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corrosion in masonry
2

corrosion in masonry

corrosion in masonry

(OP)
We have recently moved into a 100years old house, constructed in class 1 engineering bricks. There is a small area which is stained with white deposits causing the bricks to flake.
Any ideas what this is caused by or any suitable references

RE: corrosion in masonry

IanRawson...You should probably check a bit closer.

The white stain is likely efflorescence, a calcium deposit that is a result of moisture moving into and out of mortar.  It is not likely that the bricks have a significant amount of calcium in them that would create this type of staining.

The flaking is likely a result of wet-dry cyclic deterioration of the brick.  This is relatively common in older brick.  You are likely seeing this in isolated or inconsistent locations, a result of variability in the manufacturing of the brick.

Having both of these issues occurring indicates that the brick and mortar that are not sealed with a waterproofing material. You should check the mortar and brick for integrity, repair the damage, then seal the brick and mortar with a penetrating waterproofing material such as a siloxane compound (i.e, Prime-A-Pell 200 or similar).

To check the integrity of the brick and mortar, use a "scratch" test.  You can do this by taking a screwdriver or knife and dragging its point along the surface of both the brick and the mortar.  Using moderate to strong pressure, you should not be able to gouge the brick, just make a scratch in it.  For the mortar, if gouging occurs with light pressure or if the mortar sand comes out with your fingernail scratching on the surface, the mortar is "dead".  It will require replacement to a significant depth by tuckpointing.  If moderate pressure required, the mortar can be sealed but will likely require some repointing (tuckpointing) to a depth of about a quarter of an inch or slightly more.  If significant pressure is required to gouge the mortar or if only a scratch results, the mortar is good.

RE: corrosion in masonry

I agree with Ron, but I would not seal the brick until you know that the efflorescence has stopped.  Even with the soluble salts in the bricks or mortar, efflorescence will not occur, or will be very minor, if water is not migrating in the wall.  I would first clean the efflorescence through scrubbing.  If it it too stubborn to be cleaned this way, wet the wall, clean with a solution of 1 part muriatic acid to 12 parts water, and rinse the wall thoroughly when done.

Next perform the tests Ron recommends and replace damaged/soft/spalled bricks and remove all deteriorated mortar to the depth of sound mortar below, but to a minimum depth of 1/4".  Proper tuckpointing procedures really help it last in the long run and increase its weathertightness; don't do it halfway.

I would then leave the brick for at least a year before sealing it with the siloxane.  It needs to dry out thoroughly, and you need to confirm that the efflorescnce mechanism (water migration bringing the salts to the wall surface) has been broken.  Then I would apply the siloxane.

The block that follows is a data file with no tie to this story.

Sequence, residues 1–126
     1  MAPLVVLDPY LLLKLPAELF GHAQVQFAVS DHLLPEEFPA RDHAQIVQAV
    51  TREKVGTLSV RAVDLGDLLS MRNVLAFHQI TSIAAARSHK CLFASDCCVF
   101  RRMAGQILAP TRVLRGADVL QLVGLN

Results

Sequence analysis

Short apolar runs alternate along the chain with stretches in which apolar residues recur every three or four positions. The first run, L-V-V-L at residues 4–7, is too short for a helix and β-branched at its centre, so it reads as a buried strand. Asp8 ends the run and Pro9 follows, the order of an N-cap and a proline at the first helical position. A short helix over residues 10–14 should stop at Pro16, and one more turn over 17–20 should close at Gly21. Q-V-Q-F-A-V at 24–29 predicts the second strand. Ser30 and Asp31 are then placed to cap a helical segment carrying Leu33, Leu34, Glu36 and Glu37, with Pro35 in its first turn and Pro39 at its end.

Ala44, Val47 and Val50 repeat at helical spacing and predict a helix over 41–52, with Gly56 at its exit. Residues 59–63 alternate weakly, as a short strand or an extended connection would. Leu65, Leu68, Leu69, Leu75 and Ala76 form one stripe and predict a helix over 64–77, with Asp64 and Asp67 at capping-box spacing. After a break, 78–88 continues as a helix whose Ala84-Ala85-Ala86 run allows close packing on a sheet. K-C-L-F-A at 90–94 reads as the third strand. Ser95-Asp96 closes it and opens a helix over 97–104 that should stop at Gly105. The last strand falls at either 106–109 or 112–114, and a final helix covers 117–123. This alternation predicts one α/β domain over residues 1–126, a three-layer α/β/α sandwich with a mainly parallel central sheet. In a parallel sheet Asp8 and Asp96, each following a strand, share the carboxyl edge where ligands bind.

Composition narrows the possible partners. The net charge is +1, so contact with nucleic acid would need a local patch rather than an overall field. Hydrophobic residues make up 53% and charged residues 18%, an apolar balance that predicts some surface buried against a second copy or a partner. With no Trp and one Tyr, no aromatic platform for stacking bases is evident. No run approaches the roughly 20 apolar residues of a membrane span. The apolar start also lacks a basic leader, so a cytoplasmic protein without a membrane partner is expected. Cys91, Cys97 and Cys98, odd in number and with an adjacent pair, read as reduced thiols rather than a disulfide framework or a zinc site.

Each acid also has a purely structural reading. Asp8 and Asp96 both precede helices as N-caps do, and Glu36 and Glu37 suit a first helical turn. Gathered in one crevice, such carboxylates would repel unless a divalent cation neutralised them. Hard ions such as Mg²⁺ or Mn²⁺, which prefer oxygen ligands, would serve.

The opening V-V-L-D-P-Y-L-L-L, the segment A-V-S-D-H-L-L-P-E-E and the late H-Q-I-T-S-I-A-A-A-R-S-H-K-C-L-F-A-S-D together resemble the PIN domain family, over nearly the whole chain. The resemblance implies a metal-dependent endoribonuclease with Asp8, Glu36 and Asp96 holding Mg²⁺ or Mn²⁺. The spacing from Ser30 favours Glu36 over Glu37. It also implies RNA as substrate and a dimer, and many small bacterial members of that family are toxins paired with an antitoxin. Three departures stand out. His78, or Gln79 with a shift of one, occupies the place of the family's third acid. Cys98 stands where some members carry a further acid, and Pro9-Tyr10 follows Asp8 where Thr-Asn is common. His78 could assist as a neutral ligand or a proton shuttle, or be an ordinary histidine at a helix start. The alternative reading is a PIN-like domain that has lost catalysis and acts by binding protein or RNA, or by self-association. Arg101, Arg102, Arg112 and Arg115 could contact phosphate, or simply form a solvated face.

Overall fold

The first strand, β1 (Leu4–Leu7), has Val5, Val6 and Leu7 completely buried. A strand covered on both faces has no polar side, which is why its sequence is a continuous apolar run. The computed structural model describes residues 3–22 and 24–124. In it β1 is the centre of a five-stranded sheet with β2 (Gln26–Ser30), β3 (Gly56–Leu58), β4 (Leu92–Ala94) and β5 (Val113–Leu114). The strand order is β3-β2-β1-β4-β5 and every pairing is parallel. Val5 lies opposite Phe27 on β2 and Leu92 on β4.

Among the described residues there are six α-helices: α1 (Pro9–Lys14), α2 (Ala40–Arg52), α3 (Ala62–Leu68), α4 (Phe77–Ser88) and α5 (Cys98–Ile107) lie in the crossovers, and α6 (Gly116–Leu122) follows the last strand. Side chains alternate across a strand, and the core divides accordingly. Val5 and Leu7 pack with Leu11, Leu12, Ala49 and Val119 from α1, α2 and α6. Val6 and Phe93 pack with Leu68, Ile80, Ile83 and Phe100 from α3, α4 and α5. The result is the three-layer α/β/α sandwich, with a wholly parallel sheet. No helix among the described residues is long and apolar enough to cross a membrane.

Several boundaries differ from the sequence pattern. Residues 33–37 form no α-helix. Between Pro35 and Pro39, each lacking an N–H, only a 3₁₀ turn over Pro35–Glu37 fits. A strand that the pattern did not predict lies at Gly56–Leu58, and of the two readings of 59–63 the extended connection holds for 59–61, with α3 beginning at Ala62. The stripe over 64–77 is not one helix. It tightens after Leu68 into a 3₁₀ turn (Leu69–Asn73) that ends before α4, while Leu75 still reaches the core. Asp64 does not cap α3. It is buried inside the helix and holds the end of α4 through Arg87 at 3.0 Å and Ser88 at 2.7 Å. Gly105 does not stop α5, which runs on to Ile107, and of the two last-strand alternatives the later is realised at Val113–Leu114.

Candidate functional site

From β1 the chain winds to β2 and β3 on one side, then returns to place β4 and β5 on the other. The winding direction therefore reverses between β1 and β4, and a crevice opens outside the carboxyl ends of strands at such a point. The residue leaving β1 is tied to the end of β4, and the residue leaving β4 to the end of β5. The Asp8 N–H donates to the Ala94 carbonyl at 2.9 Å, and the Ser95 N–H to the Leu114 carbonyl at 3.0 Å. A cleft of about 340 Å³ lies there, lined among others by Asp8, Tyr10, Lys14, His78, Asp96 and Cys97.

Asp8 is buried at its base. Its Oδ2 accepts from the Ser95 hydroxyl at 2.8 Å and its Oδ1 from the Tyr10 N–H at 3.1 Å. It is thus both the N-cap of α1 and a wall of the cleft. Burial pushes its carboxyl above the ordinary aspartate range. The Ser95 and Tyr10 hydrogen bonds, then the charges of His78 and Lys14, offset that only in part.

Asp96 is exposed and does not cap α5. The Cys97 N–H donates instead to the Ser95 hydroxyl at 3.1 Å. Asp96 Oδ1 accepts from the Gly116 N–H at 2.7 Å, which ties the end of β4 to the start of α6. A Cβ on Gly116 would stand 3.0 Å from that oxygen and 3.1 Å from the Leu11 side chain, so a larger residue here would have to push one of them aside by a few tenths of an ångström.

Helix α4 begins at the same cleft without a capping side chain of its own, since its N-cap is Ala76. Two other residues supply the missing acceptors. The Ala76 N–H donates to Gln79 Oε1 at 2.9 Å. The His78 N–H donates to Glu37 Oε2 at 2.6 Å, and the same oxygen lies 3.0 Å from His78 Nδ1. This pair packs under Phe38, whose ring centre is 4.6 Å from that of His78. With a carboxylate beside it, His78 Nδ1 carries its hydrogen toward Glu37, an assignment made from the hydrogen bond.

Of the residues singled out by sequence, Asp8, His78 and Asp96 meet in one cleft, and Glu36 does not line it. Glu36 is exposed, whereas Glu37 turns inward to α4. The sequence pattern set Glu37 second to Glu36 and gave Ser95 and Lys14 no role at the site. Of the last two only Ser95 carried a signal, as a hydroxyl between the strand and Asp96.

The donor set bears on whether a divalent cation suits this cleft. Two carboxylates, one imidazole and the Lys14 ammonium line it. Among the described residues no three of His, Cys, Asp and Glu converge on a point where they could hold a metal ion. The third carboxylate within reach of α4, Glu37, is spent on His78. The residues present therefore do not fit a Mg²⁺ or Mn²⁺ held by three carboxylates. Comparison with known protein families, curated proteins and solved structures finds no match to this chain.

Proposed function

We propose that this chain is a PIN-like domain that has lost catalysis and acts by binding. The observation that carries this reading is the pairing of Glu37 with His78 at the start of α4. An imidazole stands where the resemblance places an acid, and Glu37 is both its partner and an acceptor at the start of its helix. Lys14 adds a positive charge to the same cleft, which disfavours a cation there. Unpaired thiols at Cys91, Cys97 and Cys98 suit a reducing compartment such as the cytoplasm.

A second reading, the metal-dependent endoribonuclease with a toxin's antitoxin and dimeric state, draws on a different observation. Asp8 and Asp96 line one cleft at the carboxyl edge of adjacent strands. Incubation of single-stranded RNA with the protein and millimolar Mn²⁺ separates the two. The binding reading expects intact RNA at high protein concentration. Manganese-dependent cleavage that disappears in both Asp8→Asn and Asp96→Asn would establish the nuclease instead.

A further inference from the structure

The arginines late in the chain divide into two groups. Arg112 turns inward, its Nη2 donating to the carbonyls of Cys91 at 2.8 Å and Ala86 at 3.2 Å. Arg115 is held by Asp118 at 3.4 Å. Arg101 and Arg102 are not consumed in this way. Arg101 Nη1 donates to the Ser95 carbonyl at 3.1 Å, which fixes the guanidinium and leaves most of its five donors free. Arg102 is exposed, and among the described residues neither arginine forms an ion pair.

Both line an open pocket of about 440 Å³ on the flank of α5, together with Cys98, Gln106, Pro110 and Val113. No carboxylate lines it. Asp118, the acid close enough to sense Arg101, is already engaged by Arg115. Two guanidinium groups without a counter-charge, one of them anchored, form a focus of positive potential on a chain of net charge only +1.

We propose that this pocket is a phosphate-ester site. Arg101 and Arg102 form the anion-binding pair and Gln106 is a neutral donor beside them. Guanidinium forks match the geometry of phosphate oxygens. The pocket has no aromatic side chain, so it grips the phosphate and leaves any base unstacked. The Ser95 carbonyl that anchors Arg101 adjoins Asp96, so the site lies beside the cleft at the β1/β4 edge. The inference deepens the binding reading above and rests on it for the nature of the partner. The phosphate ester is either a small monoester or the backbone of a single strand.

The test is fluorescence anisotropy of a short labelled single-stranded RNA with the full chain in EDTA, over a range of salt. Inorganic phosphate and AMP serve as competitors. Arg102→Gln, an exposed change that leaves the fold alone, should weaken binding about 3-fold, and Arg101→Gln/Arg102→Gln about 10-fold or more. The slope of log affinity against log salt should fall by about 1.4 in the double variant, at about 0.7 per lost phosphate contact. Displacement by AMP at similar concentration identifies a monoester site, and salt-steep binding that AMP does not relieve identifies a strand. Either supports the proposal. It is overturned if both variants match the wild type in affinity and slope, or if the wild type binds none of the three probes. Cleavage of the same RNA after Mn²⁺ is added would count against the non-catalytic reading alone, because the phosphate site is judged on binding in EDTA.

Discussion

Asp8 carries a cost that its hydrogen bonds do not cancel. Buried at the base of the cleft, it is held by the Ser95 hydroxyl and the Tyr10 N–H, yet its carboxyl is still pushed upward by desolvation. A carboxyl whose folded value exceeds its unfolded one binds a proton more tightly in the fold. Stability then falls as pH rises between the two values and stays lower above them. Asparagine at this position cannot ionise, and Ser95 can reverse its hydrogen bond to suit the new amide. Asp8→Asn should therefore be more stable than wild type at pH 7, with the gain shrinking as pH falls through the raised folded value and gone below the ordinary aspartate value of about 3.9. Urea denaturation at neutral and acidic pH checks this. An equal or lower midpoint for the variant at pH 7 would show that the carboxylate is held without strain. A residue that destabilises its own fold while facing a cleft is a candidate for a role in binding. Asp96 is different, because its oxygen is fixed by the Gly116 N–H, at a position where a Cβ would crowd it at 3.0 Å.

The wait, to me, is key.  If water is still getting in, the siloxane will prevent the salts from migrating to the surface.  They can then build-up, exert pressure, and cause the bricks to spall.

RE: corrosion in masonry

Thanks Ron for the great tips on checking the soundness of bricks and mortar. I would agree with Mattman. The problem with brick sealing is that it not only stops moisture coming in but also stops it getting out. Many buildings, particularly old ones were designed to take a bit of moisture and then dry out. Sealing is like putting a plastic raincoat on. Any moisture from the inside can't breathe out and any leak in the plastic overcoat allows moisture in but it is much harder for it to get out.  

Carl Bauer
www.bauerconsultbotswana.com

RE: corrosion in masonry

(OP)
Thanks for the advice gentlemen.
My initial thoughts are that the migration of water will not have stopped, since there has probably been no alteration in the groundwater or drainage characteristics of the surrounding subsoil area in recent years.
It is going to be difficult to attempt any sort of drainage in this area because an underground cellar/basement exists down to eight feet below the finished ground level.
Am I therefore right to presume that the best course of action, if water migration is still evident after a year, is continual maintenance of the affected area by replacing bricks as they become damaged and re-pointing.

RE: corrosion in masonry

ianrawson:

In reading this thread, I assumed at the start that all the discussion was about above grade masonry.  Your last post makes me think you are worried about a below grade problem.  Regardless of the situation, the problem will continue unless you solve the question of HOW the water is getting into the wall in the first place.  I would offer the following:

1.  If the masonry is above grade, check roof coping joints, roof flashings and parapet walls for open joints where water can get in.  Caulking, repointing or new flashing should stop the water infiltration.

2.  On the wall face check lintel areas, window sills, and wall areas for cracks and repair in the same manner as #1.

3.  For below grade walls, check for areas around the foundation where surface water can pond.  Regrade the lawn or paving to drain water away from the building and extend downspout runners etc.

4.  If the problem is groundwater, solutions get expensive very fast: draintile, sump basins, waterproofing etc.

Once the water source is found and corrected, then the sealers mentioned by others can have a positive effect.  There are specialty contractors that do this sort of work but, be sure you talk to two or three, get prices and references.

Best of luck.

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